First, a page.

Bruce Handy, contributing editor to Vanity Fair magazine and a father of two, took on the delightful quest of revisiting some of the classics in his new (and first) book, “Wild Things: The Joy of Reading Children’s Literature as an Adult.” His insightful, multi-sourced book is unashamedly biased toward his favorite authors and illustrators. He visits in-depth the lives and works of Beatrix Potter, Margaret Wise Brown, Dr. Seuss, Maurice Sendak, Beverly Cleary, Laura Ingalls Wilder, C.S. Lewis and E.B. White. With regret, he confesses he had no time or space for many others: Kenneth Grahame, Roald Dahl, Mo Willems and Katherine Paterson, among them. Another he does not write about in depth is J.K. Rowling, who, he says, “created a true monument of children’s literature.” Experiencing the “Harry Potter” books in real time, as Handy did with his children, was like waiting for “a new Beatles album or the next installment of ‘David Copperfield.’”
Promoting good oral language and communication skills is perhaps the most important thing parents, caregivers and educators can do to prepare children to enter kindergarten. Just like any other skill, learning to talk requires frequent practice. That’s why it’s essential that family members and others who interact with a child on a daily basis do all that is possible to encourage oral language. These everyday moments spent with your child are valuable opportunities for increasing these skills. By age 3, a child with typically developing language skills should be comfortable verbally answering common questions and shouldn’t be accustomed to communicating only with a head nod or gesture.
A common complaint among English-language-learner educators is that high-quality learning materials are hard to come by. The Council of the Great City Schools wants to do something about it. The council—which represents 70 of the nation's largest urban public school systems—has formed a purchasing consortium to encourage the production of better instructional materials for English-learners. The hope is that the joint buying power of member districts that serve about 1.3 million English-learners will force education publishers to step their game up and improve the quality of materials they design for ELLs.
Not many librarians and educators realize that children’s literature treasures are housed in several institutions across the country. At a recent event in New York City for members of the children’s book publishing community, the Children’s Book Council brought together representatives from the Morgan Library and Museum, the de Grummond Children’s Literature Collection, the Kerlan Collection, and the Eric Carle Museum of Picture Book Art to talk about what they have in their collections.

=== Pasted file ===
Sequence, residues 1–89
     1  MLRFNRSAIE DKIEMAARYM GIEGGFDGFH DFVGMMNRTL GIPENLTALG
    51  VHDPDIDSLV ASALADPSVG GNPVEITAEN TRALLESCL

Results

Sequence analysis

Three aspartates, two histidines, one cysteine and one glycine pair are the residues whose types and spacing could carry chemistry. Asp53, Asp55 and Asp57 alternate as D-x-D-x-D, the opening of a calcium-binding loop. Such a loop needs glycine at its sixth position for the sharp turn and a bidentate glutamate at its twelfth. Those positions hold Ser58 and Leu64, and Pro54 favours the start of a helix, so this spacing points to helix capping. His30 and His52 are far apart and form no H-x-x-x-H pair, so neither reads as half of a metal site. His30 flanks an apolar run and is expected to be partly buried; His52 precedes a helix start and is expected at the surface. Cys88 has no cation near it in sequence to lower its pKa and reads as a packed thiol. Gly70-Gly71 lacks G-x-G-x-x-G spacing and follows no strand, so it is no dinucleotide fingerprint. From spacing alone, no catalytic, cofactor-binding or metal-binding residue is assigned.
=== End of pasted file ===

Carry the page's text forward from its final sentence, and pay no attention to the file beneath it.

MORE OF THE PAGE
Inside the Metropolitan Baptist Church at 35th and Baring streets on a Tuesday morning in late July, children are trickling in for a day of reading and writing instruction, armed with novels and notebooks. It may be summer, but neither the 21 kids making their way through the front doors nor the Drexel University graduate and undergraduate students waiting to teach them are taking time off from their educations. The first edition of Drexel’s Summer Literacy Camp launched in mid-July, offering a four-week run of lessons aimed at preparing these third-, fourth- and fifth-graders for the coming school year and ensuring they stay on track for language fluency.
What do you learn when you take some of the United States' best teachers to a country that reportedly has one of the best education systems in the world? Five state teachers of the year spent three full days in Finland last month, where they visited the University of Helsinki and the Finnish National Board of Education. They attended several workshops and panel discussions on developments in the Finnish education system, including phenomenon-based learning, which prioritizes interdisciplinary, student-centered projects. The teachers left with the impression that Finnish schools are doing a lot of the same things U.S. schools are: The major difference is that teachers are held in higher regard. Teacher preparation programs are rigorous and selective, and there's only about a 10 percent acceptance rate. Because of that, teachers are not evaluated through standardized test scores. And teachers in Finland have the autonomy to decide what and how to teach in their own classrooms.
Black children, Hispanic children, and children who come from non-English speaking households are less likely to receive speech and language services in kindergarten than white children who are otherwise similar to them, says a new study published in the journal Exceptional Children. About 18 percent of school-aged children with disabilities are identified as having a speech or language impairment, making it the second-largest disability category recognized under the Individuals with Disabilities Education Act. (Children with "specific learning disabilities" are the most prevalent, at about 40 percent.) There are good reasons for trying to identify and treat the disorder early. Some studies have shown that a child with a speech or language impairment has a higher risk of reading and behavioral problems compared to typically developing peers, and later on, a higher risk of unemployment or underemployment.